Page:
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      Frequently Asked Questions About Celiac Disease   09/30/2015

      This Celiac.com FAQ on celiac disease will guide you to all of the basic information you will need to know about the disease, its diagnosis, testing methods, a gluten-free diet, etc.   Subscribe to Celiac.com's FREE weekly eNewsletter   What are the major symptoms of celiac disease? Celiac Disease Symptoms What testing is available for celiac disease?  Celiac Disease Screening Interpretation of Celiac Disease Blood Test Results Can I be tested even though I am eating gluten free? How long must gluten be taken for the serological tests to be meaningful? The Gluten-Free Diet 101 - A Beginner's Guide to Going Gluten-Free Is celiac inherited? Should my children be tested? Ten Facts About Celiac Disease Genetic Testing Is there a link between celiac and other autoimmune diseases? Celiac Disease Research: Associated Diseases and Disorders Is there a list of gluten foods to avoid? Unsafe Gluten-Free Food List (Unsafe Ingredients) Is there a list of gluten free foods? Safe Gluten-Free Food List (Safe Ingredients) Gluten-Free Alcoholic Beverages Distilled Spirits (Grain Alcohols) and Vinegar: Are they Gluten-Free? Where does gluten hide? Additional Things to Beware of to Maintain a 100% Gluten-Free Diet What if my doctor won't listen to me? An Open Letter to Skeptical Health Care Practitioners Gluten-Free recipes: Gluten-Free Recipes

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I was wondering what types of vinegar are ok. I know that cider, wine and balsamic are alright, but what about distilled?

Thanks- Laurie in CT

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The only way it is safe is if you can confirm that the source of the vinegar was gluten free (like corn), and not from a gluten grain like wheat, or barley, which are much more common forms of distilled vinegar. You can call the company and ask if you have a particular brand in mind (or in hand!).

Otherwise, it is best to just use the vinegars you listed that are gluten-free.

God bless,

Mariann

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According to scientists and to virtually all of the major celiac groups, distilled vinegar is gluten-free no matter what the source because the distilling removes the poison. In addition, almost NO vinegars are made from wheat. You'd have to search hard to find a product made from wheat distilled vinegar.

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The only vinegars that you would need to avoid are malt vinegars or any vinegars that are made outside of the United States. Other countries do not have the same standards or restrictions that the US does so that is true of almost everything - if it comes from outside the US be very careful.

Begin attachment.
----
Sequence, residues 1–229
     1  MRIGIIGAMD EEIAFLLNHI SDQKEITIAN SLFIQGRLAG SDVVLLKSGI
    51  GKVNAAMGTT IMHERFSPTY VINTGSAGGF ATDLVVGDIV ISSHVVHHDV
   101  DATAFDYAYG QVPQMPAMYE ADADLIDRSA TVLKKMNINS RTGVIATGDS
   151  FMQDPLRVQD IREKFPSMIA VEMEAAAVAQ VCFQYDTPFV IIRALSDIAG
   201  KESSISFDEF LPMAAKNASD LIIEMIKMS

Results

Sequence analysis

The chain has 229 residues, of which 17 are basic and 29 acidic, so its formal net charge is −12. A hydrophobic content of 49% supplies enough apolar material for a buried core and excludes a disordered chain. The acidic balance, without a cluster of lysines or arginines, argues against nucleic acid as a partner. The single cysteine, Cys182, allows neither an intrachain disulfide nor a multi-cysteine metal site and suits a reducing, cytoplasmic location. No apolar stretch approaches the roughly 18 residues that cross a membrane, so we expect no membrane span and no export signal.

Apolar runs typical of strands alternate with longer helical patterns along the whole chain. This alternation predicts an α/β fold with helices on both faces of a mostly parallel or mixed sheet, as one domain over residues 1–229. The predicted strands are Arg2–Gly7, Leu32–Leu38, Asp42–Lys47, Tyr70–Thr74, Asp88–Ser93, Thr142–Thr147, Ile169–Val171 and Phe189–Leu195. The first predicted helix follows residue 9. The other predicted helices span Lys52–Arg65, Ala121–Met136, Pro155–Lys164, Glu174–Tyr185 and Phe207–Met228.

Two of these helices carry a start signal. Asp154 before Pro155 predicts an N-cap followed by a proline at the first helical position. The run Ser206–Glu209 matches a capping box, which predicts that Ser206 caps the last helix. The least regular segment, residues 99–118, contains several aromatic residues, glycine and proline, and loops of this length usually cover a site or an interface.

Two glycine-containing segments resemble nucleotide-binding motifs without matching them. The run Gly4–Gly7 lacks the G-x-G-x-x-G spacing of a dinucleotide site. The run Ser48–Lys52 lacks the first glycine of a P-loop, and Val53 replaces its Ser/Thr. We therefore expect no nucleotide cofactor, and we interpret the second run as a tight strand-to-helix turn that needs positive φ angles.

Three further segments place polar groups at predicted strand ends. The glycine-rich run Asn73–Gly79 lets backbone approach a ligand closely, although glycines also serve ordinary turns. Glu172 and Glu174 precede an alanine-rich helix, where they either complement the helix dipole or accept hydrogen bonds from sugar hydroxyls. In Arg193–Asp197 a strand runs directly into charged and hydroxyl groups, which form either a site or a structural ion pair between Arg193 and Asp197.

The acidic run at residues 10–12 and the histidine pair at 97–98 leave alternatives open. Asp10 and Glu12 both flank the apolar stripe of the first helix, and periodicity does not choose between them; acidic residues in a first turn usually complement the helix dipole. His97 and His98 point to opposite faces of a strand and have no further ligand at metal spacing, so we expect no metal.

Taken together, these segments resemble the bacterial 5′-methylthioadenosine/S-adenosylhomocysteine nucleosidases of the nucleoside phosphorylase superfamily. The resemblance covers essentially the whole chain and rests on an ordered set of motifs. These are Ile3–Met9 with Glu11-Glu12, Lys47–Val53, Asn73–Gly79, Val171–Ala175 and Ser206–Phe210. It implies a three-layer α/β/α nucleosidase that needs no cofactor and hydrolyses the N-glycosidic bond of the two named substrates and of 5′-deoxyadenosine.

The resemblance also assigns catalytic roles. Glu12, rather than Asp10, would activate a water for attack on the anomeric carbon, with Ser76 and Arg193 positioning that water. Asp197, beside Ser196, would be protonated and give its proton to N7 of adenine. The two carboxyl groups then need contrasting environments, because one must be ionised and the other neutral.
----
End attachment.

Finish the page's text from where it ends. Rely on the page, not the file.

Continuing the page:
Heinz is one brand that labels gluted so you can use Heinz vinegar and any of their products that contain vinegar (ketchup for example) without worry.

The safety of vinegar used to be a pretty heated debate but scientists and nutritionists agree that the distilling process makes it gluten-free.

(FYI, I am a fairly new Celiac so I have been spending a great deal of time researching the diet and two suggestions I have for anyone who is searching for definate answers concerning types of food is to stick with hospital and edu sites for your information. They are usually well researched and carefully thought out answers. Also - be sure to check the date of the information. One of the not so great things about searching on the internet is that you can still find info that was posted 5 years ago and it comes up on your screen as though it were hot off the presses. :rolleyes: )

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Suzn is correct.

Unfortunately, there is this persisting belief that vinegars are a problem. Other than malt vinegar, they are fine. The distilling process ensures they are gluten free.

Kim. gluten-free for 5 years

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I share the old belief that vinegar is a taboo. I am sure it's because not all vinegar containing products use distilled vinegar. Has anyone had a different experience?

I know that apple cider and wine vinegar is fine. I didn't know that about Balsamic. I suspect that once, when I was newly diagnosed that I had Balsamic vinegar and developed a mild wheeze. However, I can't say with certainty that it was the vinegar. I avoid it now. So when shopping for sauces do I need to look for distilled vinegar in the ingredients? I know Heinz Ketchup and Hellmann's Mayonnaise do not say distilled vinegar in the ingredients but the vinegar is distilled.

By the way, according to French's website their mustard is gluten-free.

Also, Seeds of Change makes a gluten-free rice and beans that is tasty!

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I believe I have read that in the US, if a label lists plain "vinegar" as an ingredient, it MUST be referring to apple cider vinegar. I wonder if this is still true, now that distilled vinegar has become cheaper than cider vinegar!

Also, some inexpensive brands of balsamic vinegar may contain caramel color, which MIGHT make them non-gluten-free. I have had no trouble with "pure" balsamic vinegar.

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Balsamic vinegar is 100% gluten-free. Assuming, of course, that you are using real balsamic vinegar, and not something that's processed to taste like it. Real balsamic vinegar is produced in a VERY similar fashion to wine, up to and including being aged in wooden barrels, and comes entirely from grapes. (There are a number of places in Italy that make it, of course, and the one we visited in Modena - a small producer, to be sure - was just great. Despite the language barrier, they gave us a wonderful tour of the place and told us a lot about how it's made.)

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